Neologisms in Ukrainian and English Essay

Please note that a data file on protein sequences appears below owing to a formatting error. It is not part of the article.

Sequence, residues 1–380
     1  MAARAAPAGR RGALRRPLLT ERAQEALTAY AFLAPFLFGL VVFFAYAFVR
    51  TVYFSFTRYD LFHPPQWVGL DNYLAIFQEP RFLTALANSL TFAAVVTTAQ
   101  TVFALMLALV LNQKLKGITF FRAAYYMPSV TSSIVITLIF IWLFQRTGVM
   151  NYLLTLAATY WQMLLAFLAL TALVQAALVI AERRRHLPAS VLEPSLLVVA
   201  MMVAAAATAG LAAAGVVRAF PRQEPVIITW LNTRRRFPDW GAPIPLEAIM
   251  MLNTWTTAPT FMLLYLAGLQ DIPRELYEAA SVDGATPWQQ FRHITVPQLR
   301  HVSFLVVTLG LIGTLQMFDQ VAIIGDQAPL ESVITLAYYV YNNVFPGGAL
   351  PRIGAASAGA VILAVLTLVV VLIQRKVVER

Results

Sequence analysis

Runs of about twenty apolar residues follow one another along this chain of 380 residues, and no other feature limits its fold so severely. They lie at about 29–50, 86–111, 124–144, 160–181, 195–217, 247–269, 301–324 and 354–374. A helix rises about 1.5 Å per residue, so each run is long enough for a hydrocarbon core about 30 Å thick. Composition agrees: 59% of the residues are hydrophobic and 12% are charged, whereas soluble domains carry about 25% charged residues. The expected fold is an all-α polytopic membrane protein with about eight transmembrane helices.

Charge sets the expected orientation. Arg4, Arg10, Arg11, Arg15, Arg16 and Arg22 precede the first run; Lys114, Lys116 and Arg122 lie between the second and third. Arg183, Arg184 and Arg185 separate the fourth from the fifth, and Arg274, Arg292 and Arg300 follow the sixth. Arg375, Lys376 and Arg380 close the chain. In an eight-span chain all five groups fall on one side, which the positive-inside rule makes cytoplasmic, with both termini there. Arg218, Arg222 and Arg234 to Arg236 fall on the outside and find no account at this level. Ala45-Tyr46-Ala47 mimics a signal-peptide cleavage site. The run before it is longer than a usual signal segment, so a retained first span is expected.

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1. General linguistic theory. 1.1 The definition and the concept of neologisms. Neologisms are defined as "newly coined lexical units or existing lexical units that acquire a new sense" (Newmark 1988: 140). He points out the types of neologisms : old words with new senses, new coinages, derived words, abbreviations, collocations, eponyms, phrasal words transferred words, acronyms and pseudo- neologisms (ibid). These items can pose a great challenge for the translator as they cannot be found in dictionaries. Therefore it is the translator who has to create new words and expressions as equivalences during the translation process. Newmark (1988: 143) states that "any kind of neologism should be recreated; if it is a derived word it should be replaced by the same or equivalent morphemes , if it is also phonaesthetic, it should be given phonemes producing analogous sound effects". It is not only the translator s right to create neologisms but, in a literary text, "it is his duty to re- create any neologism he meets" (ibid : 149). Neology is one of the many translation problems that have no standardized solutions. In journalism, neologisms occur very often for their ability and power of information condensation and their expressive effect. Translators have to render them in the target language by using quite complicated reasoning, which involves many factors, such as text type, creative traditions, literary norms and conventions that are familiar to the reader of a certain society. Various theorists have addressed the problem of neology, although the focus of each of them is different. Some have attempted to explain the reasons that enable the occurrence of neologisms in a language system. Aitchison (1991:89) says that their occurrence is justified by three causes: fashion, foreign influence and social need . Wardhaugh (2002:188) says that a new lexicon can be

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